Retroviruses have a very complex and tightly controlled life cycle which has been studied intensely for decades. After a virus enters the cell, it reverse-transcribes its genome, which is then integrated into the host genome, and subsequently all structural and regulatory proteins are transcribed and translated. The proteins, along with the viral genome, assemble into a new virion, which buds off the host cell and matures into a newly infectious virion. If any one of these steps are faulty, the virus cannot produce infectious viral progeny. Recent advances in structural and molecular techniques have made it possible to better understand this class of viruses, including details about how they regulate and coordinate the different steps of the virus life cycle. In this review we summarize the molecular analysis of the assembly and maturation steps of the life cycle by providing an overview on structural and biochemical studies to understand these processes. We also outline the differences between various retrovirus families with regards to these processes.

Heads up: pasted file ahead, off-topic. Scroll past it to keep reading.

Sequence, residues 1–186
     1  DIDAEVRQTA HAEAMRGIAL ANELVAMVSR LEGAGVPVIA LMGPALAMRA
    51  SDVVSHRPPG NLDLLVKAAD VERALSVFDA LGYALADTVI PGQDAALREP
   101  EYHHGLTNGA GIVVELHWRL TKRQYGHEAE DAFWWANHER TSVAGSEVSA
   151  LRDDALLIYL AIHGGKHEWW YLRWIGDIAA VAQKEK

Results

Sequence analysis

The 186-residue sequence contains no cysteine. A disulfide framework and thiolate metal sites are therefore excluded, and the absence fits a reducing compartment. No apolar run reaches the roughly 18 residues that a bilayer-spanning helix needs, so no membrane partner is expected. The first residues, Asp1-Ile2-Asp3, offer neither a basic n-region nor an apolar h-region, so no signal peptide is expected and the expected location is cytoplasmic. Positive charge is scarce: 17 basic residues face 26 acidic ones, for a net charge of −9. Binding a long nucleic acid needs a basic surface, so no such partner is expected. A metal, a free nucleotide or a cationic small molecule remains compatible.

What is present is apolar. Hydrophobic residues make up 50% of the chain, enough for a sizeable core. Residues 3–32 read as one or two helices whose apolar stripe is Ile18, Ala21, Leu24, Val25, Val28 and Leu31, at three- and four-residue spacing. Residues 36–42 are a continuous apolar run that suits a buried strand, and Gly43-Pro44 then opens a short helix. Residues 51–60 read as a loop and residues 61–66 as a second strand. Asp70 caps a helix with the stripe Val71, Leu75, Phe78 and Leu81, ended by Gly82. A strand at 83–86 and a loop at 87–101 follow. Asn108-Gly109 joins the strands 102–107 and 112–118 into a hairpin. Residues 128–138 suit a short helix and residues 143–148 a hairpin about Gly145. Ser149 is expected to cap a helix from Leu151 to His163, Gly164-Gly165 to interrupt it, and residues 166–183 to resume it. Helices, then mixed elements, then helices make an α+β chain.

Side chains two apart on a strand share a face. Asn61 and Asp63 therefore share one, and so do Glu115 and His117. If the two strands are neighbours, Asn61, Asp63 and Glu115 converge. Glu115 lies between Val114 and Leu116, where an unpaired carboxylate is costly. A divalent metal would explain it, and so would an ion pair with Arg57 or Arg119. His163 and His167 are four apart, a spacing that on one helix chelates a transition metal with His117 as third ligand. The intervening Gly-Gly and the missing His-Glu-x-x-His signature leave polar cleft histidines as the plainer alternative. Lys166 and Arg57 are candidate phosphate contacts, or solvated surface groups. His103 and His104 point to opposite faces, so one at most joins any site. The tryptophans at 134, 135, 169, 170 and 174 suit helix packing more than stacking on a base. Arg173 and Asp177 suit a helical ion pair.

HIV-1, assembly, capsid, cryoEM, cryoET, maturation, retroviruses, structure